In a statement, President Trump said, “More than 300,000 cybersecurity job vacancies exist in the United States today. They must be filled to protect our critical infrastructure, national defense, and the American way of life. These jobs represent an incredible economic opportunity for America’s workers — and my Administration is working to ensure they have the skills they need to seize it.”
In a joint statement, House Homeland Security Committee Chairman Bennie G. Thompson (D., Miss.) and cybersecurity, infrastructure protection, and innovation subcommittee Chairman Cedric Richmond (D., La.) said, “We have known for some time that the national and global demand for skilled cybersecurity professionals was quickly outpacing supply. These are the cybersecurity experts who stand on the front lines protecting our critical infrastructure, Federal agencies, and our most sensitive data.”
They added, “As Chairmen of the House Committee on Homeland Security and the Subcommittee on Cybersecurity, Infrastructure Protection, and Innovation, we have been urging the Administration to take this threat seriously for some time, and hope today’s Executive Order signals the start of a real national effort to grow and diversify the cyber talent pipeline. We plan to hold the Administration accountable to the commitments it has made in today’s Executive Order. In the meantime, the Subcommittee on Cybersecurity, Infrastructure Protection, and Innovation will hold a hearing focused on building a more robust cyber talent pipeline on May 21.”
Sen. Gary Peters (D., Mich.), ranking minority member of the Senate Homeland Security and Governmental Affairs Committee, issued a statement applauding the executive order.
“I am pleased that President Trump recognizes the need to address our federal government’s shortage of qualified cybersecurity professionals and safeguard our nation against serious cyber threats. I have been proud to lead the bipartisan effort in Congress to create incentives to attract highly skilled cyber professionals to public service, and I am grateful for the President’s support of this vital effort to strengthen our nation’s cybersecurity. This program is an important first step to help minimize our cybersecurity vulnerabilities, fortify our existing networks and systems, and build new and innovative infrastructure that puts safety and security front and center. I look forward to working with the Administration and my colleagues in the House to get my bill signed into law so this program can strengthen our cybersecurity workforce for years to come,” Sen. Peters said.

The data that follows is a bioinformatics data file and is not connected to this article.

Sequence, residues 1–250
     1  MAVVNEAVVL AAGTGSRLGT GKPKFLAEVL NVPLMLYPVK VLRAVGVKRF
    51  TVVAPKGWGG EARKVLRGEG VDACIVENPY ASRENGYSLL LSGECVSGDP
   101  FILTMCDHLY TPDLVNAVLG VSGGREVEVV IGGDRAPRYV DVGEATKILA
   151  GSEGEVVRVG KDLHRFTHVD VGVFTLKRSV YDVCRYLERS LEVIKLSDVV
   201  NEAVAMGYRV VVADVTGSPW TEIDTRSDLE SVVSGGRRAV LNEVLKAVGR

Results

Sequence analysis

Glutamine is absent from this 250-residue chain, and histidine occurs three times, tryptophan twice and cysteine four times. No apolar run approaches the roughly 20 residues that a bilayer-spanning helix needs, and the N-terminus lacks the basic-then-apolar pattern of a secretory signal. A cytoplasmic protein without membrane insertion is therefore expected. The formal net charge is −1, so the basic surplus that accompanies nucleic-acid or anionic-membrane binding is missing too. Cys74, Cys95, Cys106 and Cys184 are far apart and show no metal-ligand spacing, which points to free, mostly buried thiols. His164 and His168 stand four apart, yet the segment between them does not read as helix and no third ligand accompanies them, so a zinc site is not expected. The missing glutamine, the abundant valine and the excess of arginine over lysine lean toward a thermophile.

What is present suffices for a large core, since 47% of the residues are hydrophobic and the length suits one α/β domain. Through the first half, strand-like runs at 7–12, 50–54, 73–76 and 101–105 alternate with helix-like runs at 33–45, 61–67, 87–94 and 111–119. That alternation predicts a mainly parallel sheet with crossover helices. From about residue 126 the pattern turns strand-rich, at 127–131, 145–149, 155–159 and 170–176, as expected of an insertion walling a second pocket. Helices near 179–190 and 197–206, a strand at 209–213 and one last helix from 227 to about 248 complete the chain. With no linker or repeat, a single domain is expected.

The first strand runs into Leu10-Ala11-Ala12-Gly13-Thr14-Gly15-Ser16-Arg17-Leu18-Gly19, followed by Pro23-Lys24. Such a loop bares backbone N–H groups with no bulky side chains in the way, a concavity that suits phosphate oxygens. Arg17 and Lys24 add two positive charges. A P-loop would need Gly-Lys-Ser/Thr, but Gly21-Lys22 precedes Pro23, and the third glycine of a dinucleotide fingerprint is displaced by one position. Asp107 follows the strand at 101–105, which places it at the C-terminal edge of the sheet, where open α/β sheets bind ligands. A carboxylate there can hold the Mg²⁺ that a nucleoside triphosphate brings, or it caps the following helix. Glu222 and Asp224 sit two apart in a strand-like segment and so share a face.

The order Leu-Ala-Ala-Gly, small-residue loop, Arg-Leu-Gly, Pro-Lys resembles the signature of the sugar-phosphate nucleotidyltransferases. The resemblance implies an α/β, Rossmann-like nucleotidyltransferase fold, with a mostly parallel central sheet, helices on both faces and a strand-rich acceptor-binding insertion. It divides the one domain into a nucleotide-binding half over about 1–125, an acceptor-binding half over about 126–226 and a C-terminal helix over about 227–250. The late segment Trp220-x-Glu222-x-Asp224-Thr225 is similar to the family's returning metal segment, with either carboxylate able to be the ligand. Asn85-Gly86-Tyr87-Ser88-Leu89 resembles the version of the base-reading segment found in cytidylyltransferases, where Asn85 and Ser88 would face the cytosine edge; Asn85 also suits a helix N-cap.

Sen. Maggie Hassan (D., N.H.), a member of the Homeland Security Committee, said, “It’s essential that the federal government has experts in place to thwart ever-evolving cyber threats and prevent cyberattacks from harming the safety and privacy of Granite Staters and Americans. I am pleased that the President took this step to bolster our federal cybersecurity workforce and support our bipartisan efforts in Congress to help the federal government attract and retain highly-skilled cybersecurity professionals. I’ll keep working across party lines to strengthen our nation’s cyber defenses and to help ensure that all Granite Staters and Americans are safe, secure, and free.”
Jason Oxman, president and chief executive officer of the Information Technology Industry Council (ITI) said, “Staying ahead of the evolving cyber threat requires a clear strategy implemented by a robust and skilled team of cyber experts. President Trump’s executive order is an important step to bolster the cyber workforce of the United States government and the nation, which will better enable government and industry to help ensure U.S. networks are secure and resilient. We look forward to working with the administration to strengthen our ongoing public-private engagement to advance U.S. cybersecurity.” —Lynn Stanton, [email protected]
MainStory: FederalNews Cybersecurity